The 3D printed replacement limb is strapped to a neoprene shoulder brace to distribute the arm’s weight across Alex’s torso
Albert Manero of the University of Central Florida directed the team that created Alex Pring’s new 3D printed limb replacement.
Alex works with Manero and his team to test his new replacement limb.
Seven-year-old Madelyn Rebsamen also received a replacement limb through the Enabling the Future Network.
Alex examines the University of Central Florida’s Dimension 3D Printer, which helped create his new replacement limb.
Alex received a new Transformersthemed replacement limb as a Christmas present.
A Helping Hand
3D printing’s ability to transform lives through its medical applications has taken another leap forward.
Alex Pring, a six-year-old boy from Groveland, Florida, was born without his lower right arm. As traditional medical solutions cost up to $40,000 and are challenging to adapt to the child’s growth, his mother Alyson Pring searched for help online. After trying options from non-profit medical groups and home-built solutions she found online, she discovered the Enabling the Future Network1, which uses 3D printing to provide children with replacement prosthetic hands.
Through Enabling the Future, she met Albert Manero, a Ph.D. student in mechanical engineering at the University of Central Florida. Manero put together a team including UCF students, graduates and other volunteers with the goal of designing highly functional replacement limbs at a much lower cost for Alex and other children with limb deficiency.
After Alex put on his new arm, he learned within a few minutes how to pick up objects by flexing and relaxing his bicep. Then came his first hug with his mother with both arms. “The look on Alex’s face brought the room to tears,” Manero said.
Building a New Arm
The team worked in its spare time, designing a simple and inexpensive solution. The team used the university’s Dimension Elite 3D Printer to bring its design to life from the sketches to prototype. The printer allowed Manero’s team to rapidly try new designs, and the high resolution of the machine, coupled with the strength of ABSplus material, gave the functionality the team had hoped for. “3D printing made it possible to build prototypes of new design iterations overnight, helping us design and build the arm in only eight weeks,” Manero shared.
Inside of the prototype’s arm shell, an electromyography sensor and microcontroller work to allow Alex to open and close the printed hand with only the flexing of his biceps muscle. When Alex flexes his biceps, the control system reads the bio-electrical impulses and activates a servo motor that operates Kevlar cords strung through the fingers to close the hand. Velcro strapping secures Alex’s arm into a socket with a diabetic sock. Alex can move his arm while minimizing skin abrasions and allowing his skin to breathe well in the hot Florida sun.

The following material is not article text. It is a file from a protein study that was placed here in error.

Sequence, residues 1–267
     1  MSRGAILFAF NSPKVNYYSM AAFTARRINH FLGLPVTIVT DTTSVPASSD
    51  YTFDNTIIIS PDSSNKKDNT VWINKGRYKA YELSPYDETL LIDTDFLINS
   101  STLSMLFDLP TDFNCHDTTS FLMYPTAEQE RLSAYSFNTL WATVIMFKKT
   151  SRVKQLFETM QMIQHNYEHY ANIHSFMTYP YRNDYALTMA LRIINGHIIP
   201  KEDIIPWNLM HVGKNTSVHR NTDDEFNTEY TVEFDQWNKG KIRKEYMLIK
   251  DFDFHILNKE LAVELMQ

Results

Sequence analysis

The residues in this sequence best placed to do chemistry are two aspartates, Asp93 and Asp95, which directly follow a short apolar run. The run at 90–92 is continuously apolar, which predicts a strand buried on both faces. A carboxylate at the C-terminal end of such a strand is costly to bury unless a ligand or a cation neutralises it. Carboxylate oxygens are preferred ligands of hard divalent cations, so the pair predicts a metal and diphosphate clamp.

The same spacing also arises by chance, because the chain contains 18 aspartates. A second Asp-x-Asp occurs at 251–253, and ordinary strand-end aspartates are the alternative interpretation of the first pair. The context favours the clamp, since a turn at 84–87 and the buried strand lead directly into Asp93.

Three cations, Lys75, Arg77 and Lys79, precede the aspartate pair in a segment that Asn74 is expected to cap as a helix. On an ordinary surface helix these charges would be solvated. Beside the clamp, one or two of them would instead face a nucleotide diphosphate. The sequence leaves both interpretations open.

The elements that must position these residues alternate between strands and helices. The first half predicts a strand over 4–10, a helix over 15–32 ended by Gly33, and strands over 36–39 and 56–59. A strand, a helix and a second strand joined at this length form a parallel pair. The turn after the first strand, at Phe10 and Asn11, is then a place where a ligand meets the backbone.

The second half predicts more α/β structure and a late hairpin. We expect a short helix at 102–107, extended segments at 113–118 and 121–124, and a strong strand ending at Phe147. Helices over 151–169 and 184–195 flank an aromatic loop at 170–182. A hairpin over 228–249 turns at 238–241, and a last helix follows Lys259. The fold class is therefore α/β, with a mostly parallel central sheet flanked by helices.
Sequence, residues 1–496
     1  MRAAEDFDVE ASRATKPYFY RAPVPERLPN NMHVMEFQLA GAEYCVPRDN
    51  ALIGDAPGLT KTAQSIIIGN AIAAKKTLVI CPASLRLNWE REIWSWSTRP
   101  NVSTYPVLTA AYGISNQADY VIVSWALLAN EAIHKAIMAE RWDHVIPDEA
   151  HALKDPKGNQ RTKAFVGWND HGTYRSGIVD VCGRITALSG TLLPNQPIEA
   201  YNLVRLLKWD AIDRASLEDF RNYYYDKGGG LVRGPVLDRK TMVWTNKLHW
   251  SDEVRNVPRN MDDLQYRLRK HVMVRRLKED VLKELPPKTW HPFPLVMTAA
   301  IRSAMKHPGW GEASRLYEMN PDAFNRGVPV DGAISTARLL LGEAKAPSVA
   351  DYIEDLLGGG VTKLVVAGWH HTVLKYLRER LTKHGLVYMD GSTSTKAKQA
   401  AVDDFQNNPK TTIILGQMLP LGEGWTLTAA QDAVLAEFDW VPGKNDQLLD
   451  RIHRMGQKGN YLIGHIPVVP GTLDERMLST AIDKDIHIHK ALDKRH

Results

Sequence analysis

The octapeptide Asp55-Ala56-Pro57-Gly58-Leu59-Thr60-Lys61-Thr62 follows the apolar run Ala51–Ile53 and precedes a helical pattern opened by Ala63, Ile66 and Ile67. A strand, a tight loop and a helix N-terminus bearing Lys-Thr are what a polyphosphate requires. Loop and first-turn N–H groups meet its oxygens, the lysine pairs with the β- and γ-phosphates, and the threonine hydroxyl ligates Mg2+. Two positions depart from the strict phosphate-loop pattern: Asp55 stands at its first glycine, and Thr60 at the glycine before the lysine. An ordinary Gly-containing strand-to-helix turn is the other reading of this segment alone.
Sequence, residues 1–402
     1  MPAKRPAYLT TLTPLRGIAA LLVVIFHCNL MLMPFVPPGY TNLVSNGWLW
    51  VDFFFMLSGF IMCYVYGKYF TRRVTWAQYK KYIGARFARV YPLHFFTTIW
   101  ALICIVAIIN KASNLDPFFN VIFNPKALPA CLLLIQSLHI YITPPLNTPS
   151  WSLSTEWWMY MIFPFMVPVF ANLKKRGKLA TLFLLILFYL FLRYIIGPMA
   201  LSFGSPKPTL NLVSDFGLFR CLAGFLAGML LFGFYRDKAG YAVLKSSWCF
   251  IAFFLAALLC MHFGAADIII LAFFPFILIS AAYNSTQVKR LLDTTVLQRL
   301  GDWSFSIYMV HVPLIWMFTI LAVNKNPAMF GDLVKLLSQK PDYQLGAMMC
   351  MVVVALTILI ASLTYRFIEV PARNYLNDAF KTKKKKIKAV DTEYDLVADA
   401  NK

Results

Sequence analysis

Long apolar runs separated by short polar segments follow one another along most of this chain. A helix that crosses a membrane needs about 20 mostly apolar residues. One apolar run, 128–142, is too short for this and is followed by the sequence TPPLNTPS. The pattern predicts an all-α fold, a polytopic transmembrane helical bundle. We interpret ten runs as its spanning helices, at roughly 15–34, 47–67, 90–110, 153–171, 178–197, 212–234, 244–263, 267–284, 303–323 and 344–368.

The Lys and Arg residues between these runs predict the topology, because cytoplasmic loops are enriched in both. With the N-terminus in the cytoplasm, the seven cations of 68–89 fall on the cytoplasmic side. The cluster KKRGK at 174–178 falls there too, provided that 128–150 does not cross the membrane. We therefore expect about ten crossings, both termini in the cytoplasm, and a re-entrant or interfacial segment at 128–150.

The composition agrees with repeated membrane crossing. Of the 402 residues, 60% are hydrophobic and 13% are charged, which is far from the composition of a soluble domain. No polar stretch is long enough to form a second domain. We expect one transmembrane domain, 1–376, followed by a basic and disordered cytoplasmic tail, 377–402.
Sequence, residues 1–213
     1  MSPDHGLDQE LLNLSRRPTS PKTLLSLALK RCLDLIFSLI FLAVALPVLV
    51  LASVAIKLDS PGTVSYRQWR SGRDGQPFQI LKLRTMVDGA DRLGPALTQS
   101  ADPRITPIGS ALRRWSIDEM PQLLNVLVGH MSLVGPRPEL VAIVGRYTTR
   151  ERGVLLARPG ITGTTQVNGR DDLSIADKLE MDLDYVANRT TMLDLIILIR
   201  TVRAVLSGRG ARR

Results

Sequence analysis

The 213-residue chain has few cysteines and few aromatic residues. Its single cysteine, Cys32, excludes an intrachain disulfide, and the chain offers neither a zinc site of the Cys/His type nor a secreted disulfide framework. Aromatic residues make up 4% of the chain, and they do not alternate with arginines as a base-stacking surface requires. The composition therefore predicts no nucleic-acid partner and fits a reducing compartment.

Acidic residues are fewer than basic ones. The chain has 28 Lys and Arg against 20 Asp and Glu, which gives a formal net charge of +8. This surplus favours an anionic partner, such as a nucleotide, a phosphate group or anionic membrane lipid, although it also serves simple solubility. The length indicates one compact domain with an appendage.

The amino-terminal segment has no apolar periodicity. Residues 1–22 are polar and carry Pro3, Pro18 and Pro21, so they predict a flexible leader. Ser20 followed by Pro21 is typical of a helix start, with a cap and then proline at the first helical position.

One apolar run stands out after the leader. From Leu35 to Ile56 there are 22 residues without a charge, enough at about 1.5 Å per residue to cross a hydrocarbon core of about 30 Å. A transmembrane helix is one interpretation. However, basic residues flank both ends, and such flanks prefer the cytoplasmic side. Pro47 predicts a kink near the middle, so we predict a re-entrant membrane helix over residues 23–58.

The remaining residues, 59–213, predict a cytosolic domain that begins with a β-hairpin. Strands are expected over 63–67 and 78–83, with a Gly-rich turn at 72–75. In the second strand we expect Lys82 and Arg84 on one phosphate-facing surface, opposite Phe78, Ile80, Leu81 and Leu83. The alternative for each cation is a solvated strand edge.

To help Alex learn to adapt to using the arm, the team used a neoprene shoulder brace to help distribute the weight across Alex’s torso. The arm itself weighs in at approximately one pound, and as Alex continues to get stronger the heavy feeling will disappear.
The total cost of the materials and printing of the arm was only $350 for the team’s first prototype, which was given to the family at no cost. The arm can be updated as Alex grows by printing a new hand for approximately $20, or a new forearm for $40. The other parts of the arm, such as the servo motor and cords, were inexpensive off-the-shelf components purchased from online suppliers.
The team has posted the plans for the arm and is working to build arms for additional children around the world. On the morning before Thanksgiving, the team drove through the night to Lynchburg, Virginia, to deliver an arm to seven-year-old Madelyn Rebsamen. Her new arm design was inspired and painted to match her love of the movie “Tangled.”
Manero’s team has transitioned into a non-profit Limbitless Solutions2 and it is working with teams from universities and institutions around the world to help children in need. The team’s work now continues to increase the functionality and reduce the cost to enable open access to children across the United States and beyond. Yet even with requests coming in from more than 20 countries, the team was able to hide one new Christmas gift under Alex Pring’s tree on Christmas morning – a new arm inspired by “Transformers,” Alex’s favorite toy.
How does 3D printing compare with traditional medical solutions for UCF?
|Traditional medical solutions